Building blocks

Streams of entities

Sesam consumes and produces streams of entities. An entity is very much like a JSON object and consists of a number of key-value pairs along with some special reserved property names. See the entity data model document for more details about entities.

The following are two simple examples showing the shape of entities that can be consumed and exposed by Sesam.

        "_id": "1",
        "name": "Bill",
        "dob": "01-01-1980"
        "_id": "2",
        "name": "Jane",
        "dob": "04-10-1992"

Streams of entities flow through pipes. A pipe has an associated pump that is scheduled to regularly pull data entities from the source , push them through transforms then send the results to the sink .


Sesam’s service API is not built to serve a large number of concurrent clients. Sesam is primarily an asynchronous batching and stream processing system. The Service API is not meant to be used by user-facing applications that have low latency and high throughput requirements. For that reason we do not currently give any guarantees in this regard. In practice means that if you have such a requirement you should stream the data out of Sesam and host it in a dedicated publishing systems that can scale its endpoints.


A dataset is the basic mean of storage inside Sesam. A dataset is a log of entities supported by primary and secondary indexes.

A dataset sink can write entities to the dataset. An entity is appended to the log if it is new (as in, an entity with a never-before-seen _id property) or if it is different from the previous version of the same entity.

A content hash is generated from the content of each entity. This hash value is used to determine if an entity has changed over time. The content hashing is what enables change tracking.

The dataset source exposes the entities from the dataset so that they can be streamed through pipes. As the main data structure is a log the source can read from a specific location in the log. Datasets have full continuation support.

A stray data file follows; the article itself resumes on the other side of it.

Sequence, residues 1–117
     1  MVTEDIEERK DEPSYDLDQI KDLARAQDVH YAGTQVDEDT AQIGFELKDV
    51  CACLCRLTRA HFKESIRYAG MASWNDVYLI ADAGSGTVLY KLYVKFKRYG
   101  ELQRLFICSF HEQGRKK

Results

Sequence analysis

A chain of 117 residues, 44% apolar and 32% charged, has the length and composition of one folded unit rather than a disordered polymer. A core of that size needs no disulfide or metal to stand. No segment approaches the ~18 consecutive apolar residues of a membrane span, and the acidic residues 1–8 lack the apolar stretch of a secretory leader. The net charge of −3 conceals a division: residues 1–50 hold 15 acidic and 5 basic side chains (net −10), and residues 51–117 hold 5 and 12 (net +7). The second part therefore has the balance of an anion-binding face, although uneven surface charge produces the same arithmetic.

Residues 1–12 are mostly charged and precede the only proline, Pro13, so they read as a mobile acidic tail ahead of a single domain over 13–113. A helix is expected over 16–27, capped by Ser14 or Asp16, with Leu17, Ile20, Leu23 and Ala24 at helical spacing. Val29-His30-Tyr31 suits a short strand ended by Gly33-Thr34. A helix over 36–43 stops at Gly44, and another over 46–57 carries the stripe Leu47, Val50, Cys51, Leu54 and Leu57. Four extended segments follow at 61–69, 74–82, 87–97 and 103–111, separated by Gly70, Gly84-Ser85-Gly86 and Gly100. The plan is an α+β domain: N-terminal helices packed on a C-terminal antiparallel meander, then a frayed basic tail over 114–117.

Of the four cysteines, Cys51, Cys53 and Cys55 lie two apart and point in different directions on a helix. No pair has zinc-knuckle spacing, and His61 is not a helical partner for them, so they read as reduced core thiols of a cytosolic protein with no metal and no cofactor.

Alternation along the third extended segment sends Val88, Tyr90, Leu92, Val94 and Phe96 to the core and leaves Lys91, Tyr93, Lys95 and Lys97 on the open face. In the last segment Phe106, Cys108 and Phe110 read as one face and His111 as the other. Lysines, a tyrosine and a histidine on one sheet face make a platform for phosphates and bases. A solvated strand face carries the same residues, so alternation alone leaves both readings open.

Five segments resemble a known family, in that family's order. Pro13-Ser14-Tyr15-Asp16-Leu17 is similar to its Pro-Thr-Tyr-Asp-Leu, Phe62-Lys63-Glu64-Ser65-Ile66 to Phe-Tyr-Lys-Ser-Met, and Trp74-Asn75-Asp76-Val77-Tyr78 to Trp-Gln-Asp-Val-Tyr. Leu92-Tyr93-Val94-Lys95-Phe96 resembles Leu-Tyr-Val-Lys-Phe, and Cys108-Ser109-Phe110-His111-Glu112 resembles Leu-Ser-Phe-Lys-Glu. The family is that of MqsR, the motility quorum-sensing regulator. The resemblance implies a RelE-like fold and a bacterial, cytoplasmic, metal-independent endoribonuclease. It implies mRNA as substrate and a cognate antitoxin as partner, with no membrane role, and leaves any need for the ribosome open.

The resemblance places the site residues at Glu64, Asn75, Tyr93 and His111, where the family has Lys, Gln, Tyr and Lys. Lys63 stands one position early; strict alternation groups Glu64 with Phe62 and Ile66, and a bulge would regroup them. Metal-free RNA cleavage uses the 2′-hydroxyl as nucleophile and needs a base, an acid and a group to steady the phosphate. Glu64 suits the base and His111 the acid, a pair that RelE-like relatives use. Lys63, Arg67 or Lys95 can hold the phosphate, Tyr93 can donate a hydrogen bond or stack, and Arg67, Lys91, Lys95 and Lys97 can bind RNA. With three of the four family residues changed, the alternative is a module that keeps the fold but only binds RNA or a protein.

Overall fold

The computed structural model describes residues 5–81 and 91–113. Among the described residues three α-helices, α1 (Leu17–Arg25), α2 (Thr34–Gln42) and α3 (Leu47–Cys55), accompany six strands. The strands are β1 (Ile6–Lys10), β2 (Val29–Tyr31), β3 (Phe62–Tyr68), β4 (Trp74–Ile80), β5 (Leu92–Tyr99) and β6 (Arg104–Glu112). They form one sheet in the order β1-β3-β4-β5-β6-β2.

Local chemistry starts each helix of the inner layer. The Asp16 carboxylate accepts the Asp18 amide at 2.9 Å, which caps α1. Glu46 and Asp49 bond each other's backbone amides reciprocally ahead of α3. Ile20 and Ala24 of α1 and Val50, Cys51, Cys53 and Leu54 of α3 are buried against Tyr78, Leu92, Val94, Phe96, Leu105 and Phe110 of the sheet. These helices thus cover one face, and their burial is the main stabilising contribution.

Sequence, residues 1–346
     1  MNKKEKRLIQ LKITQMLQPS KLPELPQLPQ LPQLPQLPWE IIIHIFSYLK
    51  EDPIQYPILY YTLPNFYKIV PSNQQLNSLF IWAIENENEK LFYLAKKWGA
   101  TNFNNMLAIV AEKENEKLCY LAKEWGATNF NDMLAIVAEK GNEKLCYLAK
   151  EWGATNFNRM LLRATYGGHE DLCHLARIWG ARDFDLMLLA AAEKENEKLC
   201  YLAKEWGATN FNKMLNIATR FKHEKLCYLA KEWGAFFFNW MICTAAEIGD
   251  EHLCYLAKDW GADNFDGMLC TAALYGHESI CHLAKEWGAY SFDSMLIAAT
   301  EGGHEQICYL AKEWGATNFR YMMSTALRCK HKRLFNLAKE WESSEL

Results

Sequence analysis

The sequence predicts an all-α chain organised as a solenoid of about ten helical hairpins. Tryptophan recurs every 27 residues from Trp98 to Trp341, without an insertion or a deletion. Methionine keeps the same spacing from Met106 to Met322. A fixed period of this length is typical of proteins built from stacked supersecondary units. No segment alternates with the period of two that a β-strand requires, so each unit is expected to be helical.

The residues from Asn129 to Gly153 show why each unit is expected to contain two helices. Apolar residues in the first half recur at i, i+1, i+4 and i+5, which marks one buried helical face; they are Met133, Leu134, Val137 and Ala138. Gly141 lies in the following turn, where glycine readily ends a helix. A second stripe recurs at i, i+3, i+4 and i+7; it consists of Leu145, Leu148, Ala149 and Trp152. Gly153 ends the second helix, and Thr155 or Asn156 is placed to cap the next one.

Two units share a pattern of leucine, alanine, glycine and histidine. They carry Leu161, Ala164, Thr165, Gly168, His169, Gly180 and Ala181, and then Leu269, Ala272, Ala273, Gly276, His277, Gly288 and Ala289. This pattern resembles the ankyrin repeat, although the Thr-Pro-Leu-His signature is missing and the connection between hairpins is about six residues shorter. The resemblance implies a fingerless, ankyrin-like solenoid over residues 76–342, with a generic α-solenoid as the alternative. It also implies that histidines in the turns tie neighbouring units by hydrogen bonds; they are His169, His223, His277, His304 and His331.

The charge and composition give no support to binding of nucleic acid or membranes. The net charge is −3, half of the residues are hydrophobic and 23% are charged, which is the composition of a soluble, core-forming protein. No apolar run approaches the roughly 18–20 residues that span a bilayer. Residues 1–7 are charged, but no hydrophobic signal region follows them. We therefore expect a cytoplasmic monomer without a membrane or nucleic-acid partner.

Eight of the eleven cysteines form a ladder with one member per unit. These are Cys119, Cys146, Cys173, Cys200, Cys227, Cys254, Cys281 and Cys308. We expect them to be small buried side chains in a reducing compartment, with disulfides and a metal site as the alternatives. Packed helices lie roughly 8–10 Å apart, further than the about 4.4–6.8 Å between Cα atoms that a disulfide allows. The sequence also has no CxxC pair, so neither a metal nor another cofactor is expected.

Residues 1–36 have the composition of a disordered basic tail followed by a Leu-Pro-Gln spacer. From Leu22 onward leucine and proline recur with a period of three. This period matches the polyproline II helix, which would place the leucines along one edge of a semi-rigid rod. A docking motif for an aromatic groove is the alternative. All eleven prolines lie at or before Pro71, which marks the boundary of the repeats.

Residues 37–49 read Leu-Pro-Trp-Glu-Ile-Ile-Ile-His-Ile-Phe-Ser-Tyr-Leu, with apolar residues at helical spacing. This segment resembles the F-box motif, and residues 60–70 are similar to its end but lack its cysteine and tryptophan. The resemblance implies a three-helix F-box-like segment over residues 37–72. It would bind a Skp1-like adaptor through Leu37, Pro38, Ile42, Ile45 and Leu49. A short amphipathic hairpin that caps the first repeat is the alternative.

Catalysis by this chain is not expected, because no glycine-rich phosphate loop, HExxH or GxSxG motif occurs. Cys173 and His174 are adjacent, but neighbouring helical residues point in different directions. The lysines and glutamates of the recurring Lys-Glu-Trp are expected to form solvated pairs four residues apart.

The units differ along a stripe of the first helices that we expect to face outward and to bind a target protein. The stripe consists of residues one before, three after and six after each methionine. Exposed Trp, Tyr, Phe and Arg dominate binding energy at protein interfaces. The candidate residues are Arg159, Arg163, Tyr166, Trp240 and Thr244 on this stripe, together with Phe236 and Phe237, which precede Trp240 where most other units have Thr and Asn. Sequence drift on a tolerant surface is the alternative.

Dataset structure


A system is any database or API that could be used as a source of data for Sesam or as the target of entities coming out of Sesam. The system components provide a way to represent the actual systems being connected or integrated.

The system component has a couple of uses. Firstly it can be used to introspect the underlying system and provide back lists of possible source or sink targets. Often this information can be used on the command line or in the Sesam Management Studio to quickly and efficiently configure how Sesam consumes or delivers data.

The other use of the system is that it allows configuration that may apply to many source definitions, e.g. connection strings, to be located and managed in just one place.

Systems also provide services like connection pooling and rate limiting.

You can also run your own extension systems.


A pipe is composed of a source, a chain of transforms, a sink, and a pump. It is an atomic unit that makes sure that data flows from the source to the sink. It is a simple way to talk about the flow of data from a source system to a target system. The pipe is also the only way to specify how entities flow from dataset to dataset.

Pipe structure


A source exposes a stream of entities. Typically, this stream of entities will be the entities in a dataset, rows of data in a SQL database table, the rows in a CSV file, or JSON data from an API.



The most common source is the dataset source, which reads entities from a dataset. But there are also sources that can read data from external systems outside of Sesam.

Sources have varying support for continuations. They accept an additional parameter called a since token. This token is used to fetch only the entities that have changed since the location stored in the token. This is used to ask for only the entities that have changed since the last time Sesam asked for them. The since token is an opaque string token that may take any form; it is interpreted by the source only. For example, for a SQL source it might be a datestamp, for a log based source it might be an offset.